former eternal co-editor K.R. is working on another book, this time about cataloging. Read her request for submissions and write to her with your good ideas.
There’s a lot of talk going on lately about whether cataloging as it has been done really matters in the age of Google and keyword searching. I’ve been reading about it a lot, both online and in the print materials sent to me by the Sanford Berman postal express, including his back and forth letters to the head cataloger at LC. Sometimes it seems that everyone starts with the same data point, but still arrives at different conclusions. So, the OCLC team [who has a dog in this fight] tell us that “Ordinary people do not search subject headings, Berman or LCSH. They search key words. ” which I think many people agree with. Then we read Thomas Mann [another dog-holder] who has a longish article in Library Journal about scholarly research and the ancillary functions of subject headings as more than just entry points to the information held in a catalog.
Keyword search algorithms, no matter how sophisticated their “relevance ranking” capabilities, cannot turn exactly specified words into conceptual categories. They cannot provide the linkages and webs of relationships to other terms (in a variety of languages, too), nor map out in any systematic manner the range of unanticipated aspects of a subject. Keyword searches cannot segregate the desired terms in relevant contexts distinct from the same terms used in irrelevant contexts.
In contrast, LC cataloging and classificationâ€”done by professional librarians rather than computer programsâ€”accomplish exactly these functions that are so critical to scholarship. The search mechanisms created by librarians enable systematic searching, not merely desultory information seeking.
We all know Google is useful and is changing the way the average person searches for information. However, when we start to discuss whether Google is changing the way the average researcher does scholarship, then I think we have to be a lot more careful about understanding its [proprietary] mechanisms and thinking about what Google’s goals for Google are as well.
I was poking around on Amazon.com today and noticed two things
- They have changed my name from Jessamyn Charity West to Jessamyn West which means that clicking on my name gets you all the books by the other Jessamyn West. I can only imagine why this happened and, to be fair, they would be changing it back to how it was before. I complained and they changed it, but not before telling me that this sort of munging of author names was “a feature” of their system. The change is recent, the Google cache still contains my full name.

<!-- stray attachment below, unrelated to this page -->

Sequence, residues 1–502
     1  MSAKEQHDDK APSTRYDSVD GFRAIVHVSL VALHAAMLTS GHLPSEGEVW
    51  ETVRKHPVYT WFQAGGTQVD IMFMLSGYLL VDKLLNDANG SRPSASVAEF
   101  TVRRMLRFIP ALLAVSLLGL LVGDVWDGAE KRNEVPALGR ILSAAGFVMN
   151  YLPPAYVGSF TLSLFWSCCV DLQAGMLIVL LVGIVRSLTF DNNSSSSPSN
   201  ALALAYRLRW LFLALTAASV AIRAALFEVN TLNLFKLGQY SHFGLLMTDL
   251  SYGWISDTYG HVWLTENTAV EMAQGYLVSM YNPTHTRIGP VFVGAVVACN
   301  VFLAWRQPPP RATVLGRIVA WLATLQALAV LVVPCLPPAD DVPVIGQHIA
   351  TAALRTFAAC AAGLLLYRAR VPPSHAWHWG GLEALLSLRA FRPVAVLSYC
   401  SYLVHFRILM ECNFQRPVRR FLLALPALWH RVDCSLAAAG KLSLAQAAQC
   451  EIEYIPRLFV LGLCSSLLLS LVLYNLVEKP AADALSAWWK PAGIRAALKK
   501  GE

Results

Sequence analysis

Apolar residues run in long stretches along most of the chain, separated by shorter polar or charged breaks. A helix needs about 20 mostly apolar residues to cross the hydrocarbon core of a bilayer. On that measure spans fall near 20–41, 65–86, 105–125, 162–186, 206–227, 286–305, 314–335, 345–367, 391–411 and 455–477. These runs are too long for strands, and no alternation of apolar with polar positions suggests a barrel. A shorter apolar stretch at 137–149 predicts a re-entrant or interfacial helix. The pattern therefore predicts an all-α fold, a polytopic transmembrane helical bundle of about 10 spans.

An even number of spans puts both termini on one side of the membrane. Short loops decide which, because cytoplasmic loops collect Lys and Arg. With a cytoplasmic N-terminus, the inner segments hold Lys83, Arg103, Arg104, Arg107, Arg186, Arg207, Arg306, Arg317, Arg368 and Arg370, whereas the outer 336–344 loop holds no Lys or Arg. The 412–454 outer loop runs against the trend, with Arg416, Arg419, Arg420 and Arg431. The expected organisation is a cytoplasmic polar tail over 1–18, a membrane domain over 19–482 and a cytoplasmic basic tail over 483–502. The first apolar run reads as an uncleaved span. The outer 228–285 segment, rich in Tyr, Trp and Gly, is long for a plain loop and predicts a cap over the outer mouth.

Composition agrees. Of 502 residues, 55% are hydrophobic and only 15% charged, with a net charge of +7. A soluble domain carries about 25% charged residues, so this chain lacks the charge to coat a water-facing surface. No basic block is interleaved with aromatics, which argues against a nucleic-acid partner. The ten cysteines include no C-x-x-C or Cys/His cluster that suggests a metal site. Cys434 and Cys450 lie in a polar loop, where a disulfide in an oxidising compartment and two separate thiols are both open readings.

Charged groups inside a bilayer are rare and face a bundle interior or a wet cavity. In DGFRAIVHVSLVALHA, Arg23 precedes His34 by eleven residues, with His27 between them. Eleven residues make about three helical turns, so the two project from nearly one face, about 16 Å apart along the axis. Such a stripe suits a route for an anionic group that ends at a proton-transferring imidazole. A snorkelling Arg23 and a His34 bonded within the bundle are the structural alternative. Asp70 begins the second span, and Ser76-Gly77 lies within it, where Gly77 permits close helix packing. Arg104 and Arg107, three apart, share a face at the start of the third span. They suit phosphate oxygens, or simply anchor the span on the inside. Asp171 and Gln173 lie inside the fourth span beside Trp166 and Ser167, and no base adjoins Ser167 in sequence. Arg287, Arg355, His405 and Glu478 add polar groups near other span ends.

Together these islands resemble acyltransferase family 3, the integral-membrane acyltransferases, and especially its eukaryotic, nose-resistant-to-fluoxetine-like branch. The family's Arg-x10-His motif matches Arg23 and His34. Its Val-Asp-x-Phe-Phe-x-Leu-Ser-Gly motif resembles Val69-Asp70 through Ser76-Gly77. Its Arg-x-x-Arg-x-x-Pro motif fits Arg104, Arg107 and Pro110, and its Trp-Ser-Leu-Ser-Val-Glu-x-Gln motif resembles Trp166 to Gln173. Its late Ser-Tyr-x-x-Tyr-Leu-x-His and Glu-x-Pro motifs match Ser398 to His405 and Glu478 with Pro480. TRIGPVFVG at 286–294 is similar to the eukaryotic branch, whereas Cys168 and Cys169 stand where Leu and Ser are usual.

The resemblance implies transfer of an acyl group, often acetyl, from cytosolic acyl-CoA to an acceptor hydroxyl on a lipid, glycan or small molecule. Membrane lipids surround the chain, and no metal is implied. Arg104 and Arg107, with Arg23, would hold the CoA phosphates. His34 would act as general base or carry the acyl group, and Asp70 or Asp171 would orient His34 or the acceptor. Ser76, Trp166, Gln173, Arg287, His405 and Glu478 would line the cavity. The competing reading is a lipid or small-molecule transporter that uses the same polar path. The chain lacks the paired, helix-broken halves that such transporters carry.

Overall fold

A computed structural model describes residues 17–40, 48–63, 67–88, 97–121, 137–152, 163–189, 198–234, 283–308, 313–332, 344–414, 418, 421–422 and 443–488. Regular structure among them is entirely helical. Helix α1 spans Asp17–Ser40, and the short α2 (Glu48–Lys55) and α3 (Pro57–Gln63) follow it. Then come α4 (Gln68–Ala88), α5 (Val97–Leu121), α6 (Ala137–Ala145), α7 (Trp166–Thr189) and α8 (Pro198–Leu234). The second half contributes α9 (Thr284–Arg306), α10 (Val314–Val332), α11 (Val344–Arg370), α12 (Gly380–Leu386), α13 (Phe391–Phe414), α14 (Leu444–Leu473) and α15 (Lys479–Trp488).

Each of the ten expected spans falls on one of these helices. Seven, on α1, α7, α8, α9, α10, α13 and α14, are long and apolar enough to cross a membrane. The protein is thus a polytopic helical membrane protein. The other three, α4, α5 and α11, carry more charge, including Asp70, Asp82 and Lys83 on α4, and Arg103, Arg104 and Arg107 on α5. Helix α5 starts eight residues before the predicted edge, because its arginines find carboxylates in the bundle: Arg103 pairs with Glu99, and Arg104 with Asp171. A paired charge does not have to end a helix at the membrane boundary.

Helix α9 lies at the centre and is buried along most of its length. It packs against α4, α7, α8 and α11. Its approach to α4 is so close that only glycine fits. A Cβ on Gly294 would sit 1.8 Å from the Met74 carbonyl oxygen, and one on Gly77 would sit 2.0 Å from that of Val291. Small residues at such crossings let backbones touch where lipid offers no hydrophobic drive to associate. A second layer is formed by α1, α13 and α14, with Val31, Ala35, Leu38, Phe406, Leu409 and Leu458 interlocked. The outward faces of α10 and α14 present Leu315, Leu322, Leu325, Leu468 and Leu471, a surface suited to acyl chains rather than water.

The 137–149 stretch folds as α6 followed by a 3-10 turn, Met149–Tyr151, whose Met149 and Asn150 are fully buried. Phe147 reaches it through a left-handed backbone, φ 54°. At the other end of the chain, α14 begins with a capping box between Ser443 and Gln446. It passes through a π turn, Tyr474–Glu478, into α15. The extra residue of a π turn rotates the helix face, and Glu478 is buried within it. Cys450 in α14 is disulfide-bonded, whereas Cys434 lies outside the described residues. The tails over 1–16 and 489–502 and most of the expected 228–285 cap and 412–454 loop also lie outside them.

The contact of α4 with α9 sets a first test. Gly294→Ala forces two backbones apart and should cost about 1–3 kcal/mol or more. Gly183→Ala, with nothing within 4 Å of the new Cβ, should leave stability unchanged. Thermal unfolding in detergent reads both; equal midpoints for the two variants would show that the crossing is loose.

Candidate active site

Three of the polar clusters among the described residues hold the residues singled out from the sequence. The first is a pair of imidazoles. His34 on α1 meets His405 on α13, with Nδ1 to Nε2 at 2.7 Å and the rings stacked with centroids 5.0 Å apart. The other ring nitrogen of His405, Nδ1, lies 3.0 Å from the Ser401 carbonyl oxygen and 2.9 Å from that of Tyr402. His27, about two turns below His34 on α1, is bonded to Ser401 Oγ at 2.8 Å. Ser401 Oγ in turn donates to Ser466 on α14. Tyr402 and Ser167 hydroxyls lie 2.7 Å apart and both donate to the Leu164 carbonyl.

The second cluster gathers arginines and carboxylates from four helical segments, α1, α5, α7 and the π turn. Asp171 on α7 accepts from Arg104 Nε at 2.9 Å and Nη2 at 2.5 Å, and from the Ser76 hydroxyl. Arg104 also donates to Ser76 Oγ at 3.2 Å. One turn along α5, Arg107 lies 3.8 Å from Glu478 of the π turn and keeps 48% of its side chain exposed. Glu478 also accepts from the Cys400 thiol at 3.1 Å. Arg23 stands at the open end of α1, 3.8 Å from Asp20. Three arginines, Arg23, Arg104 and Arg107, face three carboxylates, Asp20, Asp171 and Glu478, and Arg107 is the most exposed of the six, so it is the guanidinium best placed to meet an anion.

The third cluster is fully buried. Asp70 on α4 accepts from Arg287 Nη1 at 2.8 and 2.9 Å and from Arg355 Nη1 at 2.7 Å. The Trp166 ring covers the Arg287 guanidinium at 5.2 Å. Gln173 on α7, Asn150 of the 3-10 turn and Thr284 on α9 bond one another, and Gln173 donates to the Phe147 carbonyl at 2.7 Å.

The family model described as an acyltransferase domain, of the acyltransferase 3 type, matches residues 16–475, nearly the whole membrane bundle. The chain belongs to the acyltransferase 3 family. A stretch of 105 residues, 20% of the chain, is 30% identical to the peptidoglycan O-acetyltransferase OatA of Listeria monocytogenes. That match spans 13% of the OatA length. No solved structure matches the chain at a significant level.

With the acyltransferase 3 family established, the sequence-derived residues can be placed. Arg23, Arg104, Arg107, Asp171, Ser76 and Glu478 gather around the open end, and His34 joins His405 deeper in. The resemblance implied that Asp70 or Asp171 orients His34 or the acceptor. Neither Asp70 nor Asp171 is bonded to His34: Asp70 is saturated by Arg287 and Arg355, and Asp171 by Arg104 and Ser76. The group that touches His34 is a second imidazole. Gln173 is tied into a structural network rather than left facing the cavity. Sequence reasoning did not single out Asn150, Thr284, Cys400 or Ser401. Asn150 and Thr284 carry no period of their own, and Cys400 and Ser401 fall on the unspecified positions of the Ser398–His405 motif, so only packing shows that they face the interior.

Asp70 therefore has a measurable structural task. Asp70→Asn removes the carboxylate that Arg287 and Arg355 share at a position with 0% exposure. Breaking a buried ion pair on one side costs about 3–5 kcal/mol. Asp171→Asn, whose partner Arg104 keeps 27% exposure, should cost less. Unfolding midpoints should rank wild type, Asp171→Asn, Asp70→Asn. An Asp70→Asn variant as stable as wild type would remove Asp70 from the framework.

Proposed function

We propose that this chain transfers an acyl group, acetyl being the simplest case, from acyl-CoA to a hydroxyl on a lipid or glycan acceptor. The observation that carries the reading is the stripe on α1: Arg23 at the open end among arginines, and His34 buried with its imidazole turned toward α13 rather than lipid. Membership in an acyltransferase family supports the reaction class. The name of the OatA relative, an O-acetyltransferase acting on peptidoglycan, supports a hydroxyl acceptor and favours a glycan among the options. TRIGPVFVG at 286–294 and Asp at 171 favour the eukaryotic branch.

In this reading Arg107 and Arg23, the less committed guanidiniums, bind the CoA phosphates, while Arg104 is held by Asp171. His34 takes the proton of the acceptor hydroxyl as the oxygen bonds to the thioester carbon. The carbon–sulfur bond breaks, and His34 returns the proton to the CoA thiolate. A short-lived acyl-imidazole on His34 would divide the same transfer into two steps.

- Amazon’s Statistically Improbable Phrases which is a whole new approach to the sticky issue of “aboutness” Add ot this the existing tools of concordance and readibility and you’ve got two things 1) strong “keeping up with the Joneses” pressure to submit to the Inside the Book program 2) the beginnings of cataloging by robots.
This all came to me a day after getting a fat envelope from Sandy Berman which included, among other things some articles he had written about “bibliocide by cataloging” where subject headings assigned by
OCLC or LoC or OCLC member libraries and passed down to thousands of libraries via copy cataloging are so vague as to be essentially useless as finding aids. Do these Amazon features solve this problem or compound it? Eli also expands a bit on what I said about Google a few days ago; these issues are not disconnected.
“Why catalog in-house? Why catalog locally? And why not outsource the whole operation? Because critical, creative catalogers within individual systems are the last and only bulwarks against the often error-laden, access-limiting, and alienating records produced by giant, distant, and essentially unaccountable networks and vendors.”